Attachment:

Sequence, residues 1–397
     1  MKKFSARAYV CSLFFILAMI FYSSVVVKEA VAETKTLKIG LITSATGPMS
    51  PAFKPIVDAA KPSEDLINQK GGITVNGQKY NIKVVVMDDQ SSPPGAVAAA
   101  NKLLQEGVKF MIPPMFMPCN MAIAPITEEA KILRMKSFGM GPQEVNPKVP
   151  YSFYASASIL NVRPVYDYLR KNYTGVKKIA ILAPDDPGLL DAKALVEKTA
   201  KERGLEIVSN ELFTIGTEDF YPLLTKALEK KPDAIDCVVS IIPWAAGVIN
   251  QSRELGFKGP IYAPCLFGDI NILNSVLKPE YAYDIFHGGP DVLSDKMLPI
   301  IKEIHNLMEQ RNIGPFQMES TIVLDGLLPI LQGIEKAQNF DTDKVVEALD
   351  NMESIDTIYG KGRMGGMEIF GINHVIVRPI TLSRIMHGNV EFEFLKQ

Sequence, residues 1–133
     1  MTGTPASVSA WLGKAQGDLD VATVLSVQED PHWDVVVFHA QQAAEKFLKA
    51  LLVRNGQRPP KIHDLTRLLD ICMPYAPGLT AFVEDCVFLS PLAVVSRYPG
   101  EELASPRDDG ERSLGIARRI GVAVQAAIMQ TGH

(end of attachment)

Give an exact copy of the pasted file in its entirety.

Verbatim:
Sequence, residues 1–397
     1  MKKFSARAYV CSLFFILAMI FYSSVVVKEA VAETKTLKIG LITSATGPMS
    51  PAFKPIVDAA KPSEDLINQK GGITVNGQKY NIKVVVMDDQ SSPPGAVAAA
   101  NKLLQEGVKF MIPPMFMPCN MAIAPITEEA KILRMKSFGM GPQEVNPKVP
   151  YSFYASASIL NVRPVYDYLR KNYTGVKKIA ILAPDDPGLL DAKALVEKTA
   201  KERGLEIVSN ELFTIGTEDF YPLLTKALEK KPDAIDCVVS IIPWAAGVIN
   251  QSRELGFKGP IYAPCLFGDI NILNSVLKPE YAYDIFHGGP DVLSDKMLPI
   301  IKEIHNLMEQ RNIGPFQMES TIVLDGLLPI LQGIEKAQNF DTDKVVEALD
   351  NMESIDTIYG KGRMGGMEIF GINHVIVRPI TLSRIMHGNV EFEFLKQ

Sequence, residues 1–133
     1  MTGTPASVSA WLGKAQGDLD VATVLSVQED PHWDVVVFHA QQAAEKFLKA
    51  LLVRNGQRPP KIHDLTRLLD ICMPYAPGLT AFVEDCVFLS PLAVVSRYPG
   101  EELASPRDDG ERSLGIARRI GVAVQAAIMQ TGH